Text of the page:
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Saturday, 9 May 2020

Fungus in The Veggie Garden Begone But Save Water

VEGETABLE HEROES

  • Dealing with Fungal Problems in the Vegetable Garden
So, you’re looking at your spinach and you see holes in the leaves, but they’re all uniform and perfectly formed, right?
What insect does that?
Or, are the stems or your Silverbeet have an ugly blackish brown stain down the middle of them?
Perhaps the leaves have got that rusty look, and definitely look some-one had a go with a blow torch?
Wait, have your cucumber leaves gone all white and crispy, then start turning brown and collapse in a heap in the veggie bed?
  • You probably have read or heard the advice that the most important things you can do to prevent fungal problems is to avoid overwatering, overhead watering and excessive fertilizing and keep your garden free of debris.

O.K. what about some of us that had all that rain?
  • Or you might’ve heard that you need to mulch well and avoid watering the leaves or splashing soil borne particles on the leaves.
One things for sure, you cannot water or fertilise away the problem.
  • Firstly what is this fungus thing anyway? 
Fungus are structures which produce spores.
Disease‑causing fungi penetrate the plant for food during their growth stage, then produce spores which can, in turn, produce new fungus.
The fungus feeds of your plants because not containing chlorophyll, it can’t make its own food.
Did you know that there are two main types of spores?
Short-lived spores which quickly produce new fungus to grow and spread through plants while there is plenty of food.

These spores allow a fungal disease to spread very quickly during the growing season.
Then there’s the  Long-lived spores which are very hardy and allow a
disease to carry over during periods of stress, for example when there is no food.
So what does fungus love?

Which fungus shall I start with.
  • How about powdery mildew?
A fungal disease around a lot in spring and autumn when days are warm and nights are cool.
Powdery mildew is a white or grayish powdery/mouldy growth that you see on the leaves and new shoots.
The leaves look deformed, and will always start to collapse, particularly on the cucurbit family, like Pumpkins, zucchini and cucumbers.
  • The leaves are never going to return to a normal appearance, so getting rid of them will help to stop the spreading of fungal spores.
Yes, that includes the ones that have fallen into a crumbled mess in the veggie bed.
The next fungal problem I’m going to mention appeared on my spinach this year. That is Fungal leaf spot.
Having said that, I’ve had several good months of harvesting spinach and silverbeet, so I can’t complain.
There are many types of leaf spot diseases that can affect beetroot, broad beans, carrots celery, peas, potatoes (early blight) silverbeet and tomatoes (targetspot).
Sometimes the leaf spots cause only slight damage, but other times they practically destroy the leaves of the plant in question.
How do I fix this?
Basically, if you’ve already got it, you can’t because as I mentioned, the leaves won’t return to normal, but you can stop the spread to other new leaves and other plants in the garden.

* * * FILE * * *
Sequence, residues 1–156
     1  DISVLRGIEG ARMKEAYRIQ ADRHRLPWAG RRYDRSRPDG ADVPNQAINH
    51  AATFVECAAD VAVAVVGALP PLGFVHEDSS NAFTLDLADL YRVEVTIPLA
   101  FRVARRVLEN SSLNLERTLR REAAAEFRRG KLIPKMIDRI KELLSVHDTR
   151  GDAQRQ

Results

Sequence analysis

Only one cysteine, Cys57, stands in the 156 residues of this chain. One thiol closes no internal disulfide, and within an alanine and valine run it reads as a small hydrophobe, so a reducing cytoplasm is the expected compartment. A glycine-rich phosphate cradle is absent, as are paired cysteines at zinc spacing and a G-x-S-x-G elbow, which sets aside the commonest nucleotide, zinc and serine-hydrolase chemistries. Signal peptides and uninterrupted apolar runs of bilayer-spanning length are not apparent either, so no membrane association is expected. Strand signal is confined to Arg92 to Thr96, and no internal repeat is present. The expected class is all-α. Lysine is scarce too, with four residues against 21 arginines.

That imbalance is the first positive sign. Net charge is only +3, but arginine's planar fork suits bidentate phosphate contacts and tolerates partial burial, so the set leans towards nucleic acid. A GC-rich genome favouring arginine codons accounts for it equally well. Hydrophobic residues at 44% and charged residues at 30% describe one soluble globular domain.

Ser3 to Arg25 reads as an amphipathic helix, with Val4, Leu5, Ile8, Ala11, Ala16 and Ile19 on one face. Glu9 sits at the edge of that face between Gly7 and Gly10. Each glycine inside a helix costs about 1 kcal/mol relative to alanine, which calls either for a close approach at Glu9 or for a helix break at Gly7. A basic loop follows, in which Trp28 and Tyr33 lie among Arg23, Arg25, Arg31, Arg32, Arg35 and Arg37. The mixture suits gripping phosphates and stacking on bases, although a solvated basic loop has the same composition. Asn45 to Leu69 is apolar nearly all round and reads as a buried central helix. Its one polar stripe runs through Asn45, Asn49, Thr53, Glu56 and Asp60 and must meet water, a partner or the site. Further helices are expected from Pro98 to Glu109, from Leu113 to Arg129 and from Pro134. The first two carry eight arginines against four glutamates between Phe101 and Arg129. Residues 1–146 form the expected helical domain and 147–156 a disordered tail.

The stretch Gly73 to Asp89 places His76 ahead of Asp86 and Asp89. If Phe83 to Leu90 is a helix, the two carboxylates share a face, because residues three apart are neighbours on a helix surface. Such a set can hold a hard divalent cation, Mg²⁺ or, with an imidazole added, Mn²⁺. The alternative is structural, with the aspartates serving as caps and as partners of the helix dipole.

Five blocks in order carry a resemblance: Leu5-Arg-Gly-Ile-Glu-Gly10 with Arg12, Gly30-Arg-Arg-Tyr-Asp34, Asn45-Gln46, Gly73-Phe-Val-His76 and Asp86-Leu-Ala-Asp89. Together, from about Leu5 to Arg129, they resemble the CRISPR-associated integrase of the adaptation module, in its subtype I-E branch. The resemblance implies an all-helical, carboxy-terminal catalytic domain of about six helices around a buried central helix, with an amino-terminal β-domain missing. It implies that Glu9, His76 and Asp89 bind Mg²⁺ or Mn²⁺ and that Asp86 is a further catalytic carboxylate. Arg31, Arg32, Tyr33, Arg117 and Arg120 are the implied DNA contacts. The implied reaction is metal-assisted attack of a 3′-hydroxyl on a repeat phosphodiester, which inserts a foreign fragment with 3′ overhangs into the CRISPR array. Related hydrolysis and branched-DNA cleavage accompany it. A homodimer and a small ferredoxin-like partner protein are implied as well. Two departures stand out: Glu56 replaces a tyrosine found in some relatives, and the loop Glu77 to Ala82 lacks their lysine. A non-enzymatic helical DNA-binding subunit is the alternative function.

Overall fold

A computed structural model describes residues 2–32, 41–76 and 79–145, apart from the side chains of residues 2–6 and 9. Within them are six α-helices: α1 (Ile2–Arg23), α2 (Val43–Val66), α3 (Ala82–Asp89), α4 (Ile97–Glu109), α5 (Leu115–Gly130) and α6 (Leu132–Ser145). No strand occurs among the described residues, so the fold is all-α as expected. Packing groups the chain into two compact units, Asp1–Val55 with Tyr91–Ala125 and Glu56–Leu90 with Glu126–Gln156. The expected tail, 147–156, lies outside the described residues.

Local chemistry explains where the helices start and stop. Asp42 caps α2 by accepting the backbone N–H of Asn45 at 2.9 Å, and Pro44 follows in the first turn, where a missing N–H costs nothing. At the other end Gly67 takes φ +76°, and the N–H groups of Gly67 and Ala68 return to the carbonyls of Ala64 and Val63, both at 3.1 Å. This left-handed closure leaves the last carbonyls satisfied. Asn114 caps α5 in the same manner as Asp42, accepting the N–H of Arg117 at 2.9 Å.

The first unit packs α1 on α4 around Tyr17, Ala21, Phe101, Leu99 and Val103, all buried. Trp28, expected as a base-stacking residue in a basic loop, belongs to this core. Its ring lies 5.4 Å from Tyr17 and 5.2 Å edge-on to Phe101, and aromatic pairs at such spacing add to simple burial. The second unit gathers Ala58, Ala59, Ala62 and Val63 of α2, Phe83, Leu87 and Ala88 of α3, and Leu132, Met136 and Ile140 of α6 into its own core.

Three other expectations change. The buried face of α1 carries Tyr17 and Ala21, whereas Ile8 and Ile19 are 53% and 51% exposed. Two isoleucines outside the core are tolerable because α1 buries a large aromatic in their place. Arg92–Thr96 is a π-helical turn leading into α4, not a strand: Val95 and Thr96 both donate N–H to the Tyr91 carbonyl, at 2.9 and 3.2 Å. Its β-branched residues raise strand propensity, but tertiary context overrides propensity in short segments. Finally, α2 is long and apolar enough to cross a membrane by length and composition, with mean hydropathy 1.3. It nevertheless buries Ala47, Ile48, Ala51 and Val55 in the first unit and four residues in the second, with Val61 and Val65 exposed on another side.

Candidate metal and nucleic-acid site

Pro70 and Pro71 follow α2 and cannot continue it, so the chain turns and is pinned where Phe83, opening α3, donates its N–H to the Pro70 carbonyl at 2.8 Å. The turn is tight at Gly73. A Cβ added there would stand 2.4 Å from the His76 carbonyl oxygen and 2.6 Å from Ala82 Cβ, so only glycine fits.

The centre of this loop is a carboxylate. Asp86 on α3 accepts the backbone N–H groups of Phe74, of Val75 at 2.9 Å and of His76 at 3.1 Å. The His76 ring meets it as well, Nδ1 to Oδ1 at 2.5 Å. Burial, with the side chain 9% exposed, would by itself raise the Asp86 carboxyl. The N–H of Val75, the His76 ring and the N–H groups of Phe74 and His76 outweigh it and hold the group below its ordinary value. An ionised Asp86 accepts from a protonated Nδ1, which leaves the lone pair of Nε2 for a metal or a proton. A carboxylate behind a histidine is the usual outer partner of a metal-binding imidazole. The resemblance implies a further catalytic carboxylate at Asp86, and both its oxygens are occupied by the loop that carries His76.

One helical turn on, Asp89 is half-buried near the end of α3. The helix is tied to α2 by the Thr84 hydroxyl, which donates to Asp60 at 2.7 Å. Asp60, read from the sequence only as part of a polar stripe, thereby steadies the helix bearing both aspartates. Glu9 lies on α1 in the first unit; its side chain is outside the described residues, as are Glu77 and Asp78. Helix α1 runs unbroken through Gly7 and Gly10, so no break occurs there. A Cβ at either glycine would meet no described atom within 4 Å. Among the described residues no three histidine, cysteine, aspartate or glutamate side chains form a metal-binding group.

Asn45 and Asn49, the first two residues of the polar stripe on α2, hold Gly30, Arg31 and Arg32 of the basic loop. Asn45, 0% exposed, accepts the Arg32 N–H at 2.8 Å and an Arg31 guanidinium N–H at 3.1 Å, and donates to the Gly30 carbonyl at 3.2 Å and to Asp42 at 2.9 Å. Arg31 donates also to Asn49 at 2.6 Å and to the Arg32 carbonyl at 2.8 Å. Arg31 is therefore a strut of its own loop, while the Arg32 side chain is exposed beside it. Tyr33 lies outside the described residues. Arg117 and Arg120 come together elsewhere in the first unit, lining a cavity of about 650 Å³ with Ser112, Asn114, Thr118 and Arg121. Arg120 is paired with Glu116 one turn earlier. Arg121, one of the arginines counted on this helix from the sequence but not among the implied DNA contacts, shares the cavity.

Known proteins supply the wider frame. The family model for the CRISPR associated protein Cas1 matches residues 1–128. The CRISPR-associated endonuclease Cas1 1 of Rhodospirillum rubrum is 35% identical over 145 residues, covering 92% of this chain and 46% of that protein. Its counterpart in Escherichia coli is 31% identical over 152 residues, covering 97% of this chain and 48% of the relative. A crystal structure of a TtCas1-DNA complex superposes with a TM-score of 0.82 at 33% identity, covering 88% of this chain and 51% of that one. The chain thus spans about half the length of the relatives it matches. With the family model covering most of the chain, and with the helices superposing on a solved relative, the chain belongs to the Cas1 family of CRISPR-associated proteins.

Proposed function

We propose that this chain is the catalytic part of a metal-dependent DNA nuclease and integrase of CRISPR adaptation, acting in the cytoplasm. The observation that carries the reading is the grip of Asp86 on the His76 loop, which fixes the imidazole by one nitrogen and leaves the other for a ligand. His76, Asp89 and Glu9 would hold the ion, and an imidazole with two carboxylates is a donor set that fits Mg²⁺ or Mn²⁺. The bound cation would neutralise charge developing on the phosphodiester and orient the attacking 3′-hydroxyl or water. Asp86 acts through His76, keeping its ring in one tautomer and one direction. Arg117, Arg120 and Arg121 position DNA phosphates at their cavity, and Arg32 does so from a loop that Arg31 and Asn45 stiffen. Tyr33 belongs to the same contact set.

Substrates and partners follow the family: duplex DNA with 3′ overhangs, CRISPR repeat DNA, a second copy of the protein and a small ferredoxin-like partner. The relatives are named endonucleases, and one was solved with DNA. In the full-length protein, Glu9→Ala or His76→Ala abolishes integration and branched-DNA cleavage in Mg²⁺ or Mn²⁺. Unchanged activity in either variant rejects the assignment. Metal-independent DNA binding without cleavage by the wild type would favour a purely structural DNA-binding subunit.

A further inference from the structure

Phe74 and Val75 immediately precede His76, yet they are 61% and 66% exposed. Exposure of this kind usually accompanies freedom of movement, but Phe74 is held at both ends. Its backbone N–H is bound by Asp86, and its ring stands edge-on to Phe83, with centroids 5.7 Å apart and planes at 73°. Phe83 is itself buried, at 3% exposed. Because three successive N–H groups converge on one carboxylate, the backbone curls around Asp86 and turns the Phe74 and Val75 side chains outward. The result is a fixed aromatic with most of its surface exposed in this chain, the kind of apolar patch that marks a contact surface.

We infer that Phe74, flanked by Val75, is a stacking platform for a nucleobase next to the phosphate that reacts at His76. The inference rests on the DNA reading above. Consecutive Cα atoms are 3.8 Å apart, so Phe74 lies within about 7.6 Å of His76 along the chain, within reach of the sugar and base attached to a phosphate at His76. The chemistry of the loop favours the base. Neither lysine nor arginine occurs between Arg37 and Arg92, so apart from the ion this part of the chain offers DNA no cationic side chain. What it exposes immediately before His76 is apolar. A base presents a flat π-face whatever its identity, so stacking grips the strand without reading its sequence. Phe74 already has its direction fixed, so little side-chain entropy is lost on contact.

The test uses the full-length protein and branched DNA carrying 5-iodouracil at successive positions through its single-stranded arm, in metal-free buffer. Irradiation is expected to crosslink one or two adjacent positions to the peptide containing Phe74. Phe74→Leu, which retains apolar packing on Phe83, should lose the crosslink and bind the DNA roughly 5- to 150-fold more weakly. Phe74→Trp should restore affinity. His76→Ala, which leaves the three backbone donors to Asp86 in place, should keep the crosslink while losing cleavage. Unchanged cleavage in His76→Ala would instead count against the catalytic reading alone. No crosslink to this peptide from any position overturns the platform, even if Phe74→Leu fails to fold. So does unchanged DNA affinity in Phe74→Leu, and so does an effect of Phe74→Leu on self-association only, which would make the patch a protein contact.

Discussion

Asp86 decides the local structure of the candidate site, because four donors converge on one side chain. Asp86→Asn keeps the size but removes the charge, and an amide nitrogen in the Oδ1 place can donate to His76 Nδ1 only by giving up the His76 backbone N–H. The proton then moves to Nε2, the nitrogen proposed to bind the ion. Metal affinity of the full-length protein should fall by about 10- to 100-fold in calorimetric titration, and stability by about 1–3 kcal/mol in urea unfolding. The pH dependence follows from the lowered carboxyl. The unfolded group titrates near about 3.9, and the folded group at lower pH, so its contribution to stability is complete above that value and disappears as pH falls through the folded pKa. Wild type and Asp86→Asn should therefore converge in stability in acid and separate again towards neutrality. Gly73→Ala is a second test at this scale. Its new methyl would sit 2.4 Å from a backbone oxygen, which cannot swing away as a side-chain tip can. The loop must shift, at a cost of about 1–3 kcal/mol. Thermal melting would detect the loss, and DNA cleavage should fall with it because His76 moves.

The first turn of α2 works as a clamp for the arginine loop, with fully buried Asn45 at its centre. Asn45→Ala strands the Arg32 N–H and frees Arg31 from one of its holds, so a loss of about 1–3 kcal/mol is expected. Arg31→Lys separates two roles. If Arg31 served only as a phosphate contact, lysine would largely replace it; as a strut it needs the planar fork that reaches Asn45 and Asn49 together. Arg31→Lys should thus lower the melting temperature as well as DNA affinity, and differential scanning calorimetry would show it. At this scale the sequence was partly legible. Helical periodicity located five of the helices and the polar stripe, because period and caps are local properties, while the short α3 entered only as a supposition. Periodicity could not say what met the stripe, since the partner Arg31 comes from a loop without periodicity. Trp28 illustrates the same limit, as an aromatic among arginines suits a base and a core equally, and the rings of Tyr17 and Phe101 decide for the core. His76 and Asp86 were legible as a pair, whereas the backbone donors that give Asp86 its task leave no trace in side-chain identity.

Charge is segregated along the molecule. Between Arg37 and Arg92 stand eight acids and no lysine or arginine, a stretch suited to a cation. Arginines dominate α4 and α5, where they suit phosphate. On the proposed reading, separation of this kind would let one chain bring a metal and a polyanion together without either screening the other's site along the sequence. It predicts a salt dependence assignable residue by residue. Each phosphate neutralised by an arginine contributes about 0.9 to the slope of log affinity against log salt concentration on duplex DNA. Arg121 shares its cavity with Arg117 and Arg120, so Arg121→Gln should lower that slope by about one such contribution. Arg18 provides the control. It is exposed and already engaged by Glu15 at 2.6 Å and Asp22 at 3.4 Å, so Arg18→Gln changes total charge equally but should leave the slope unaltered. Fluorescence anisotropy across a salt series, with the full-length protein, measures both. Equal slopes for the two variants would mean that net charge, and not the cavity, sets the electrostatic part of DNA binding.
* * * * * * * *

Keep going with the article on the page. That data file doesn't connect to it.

All of these above symptoms signal fungal problems in the garden, a lot of which can be fixed with physical things like improving air circulation around the plants.
You can also dig the problem leaves into the soil since sexual spores of the fungus won’t develop on buried leaves.

In all cases, fungal problems can be treated organically
You can try spraying with a good compost tea, or seaweed extract.
Or secondly, try spraying with bi-carbonate of soda (sodium bicarbonate) because it will also kill powdery mildew.
Facebook:To make mix 1 tablespoon of baking soda, 2 ½ tablespoons of vegetable oil with 4 litres of water.
TIP: The sodium in the baking soda will combine with chlorine in your water supply to form table salt (sodium chloride).
A better choice is potassium bicarbonate where the potassium becomes a plant nutrient.
This product is available from your garden centre or nursery and is also sold online.
I’ll put a link to the name on my website and facebook page.
AND THAT WAS YOUR VEGETABLE HERO FOR TODAY

PLANT DOCTOR
Saving Water and Soil Wetters
The weather has started to cool especially in some districts, however, there are still others that are experiencing warm conditions.
Not far from many gardeners thoughts, are saving water.
For those on town water, the water bill may seem pretty high but if you’re relying on tank water, then water may need to be conserved ever so carefully.

In this next segment, Steve and I go through some water saving tactics, some old some new.
I'm talking with Steve Falcioni from www.ecoogranicgarden.com.au
Let’s find out .

There are plenty of water saving tips that you could try if you're not doing that already.
  1. Wash your vegetables in a tub of water
  2. Run-off the cold water for your shower into a bucket or watering can
  3. Direct the water from your washing machine onto the garden.
  • Grey water is not regarded as sterile. You should not be storing grey water.
  • Not safe for edible plants.

How Wetting Agents Work?

Soils that have been dry for a long period or are low in organic matter may become water repellant.
When you water, it tends to run off or pool on the surface.
Why? soil particles develop waxy coating.
Wetting agents contain molecules that adhere to waxy particles and water at the same time.
When applied to the soil, the molecule grabs onto the soil particle that's coated in wax, so that when you water,  the water gets grabbed by the wetting agent so the water penetrates the soil.

If you have any questions of course, why not email realworldgardener@gmail.com or write in to 2RRR P.O. Box 644 Gladesville NSW 1675.

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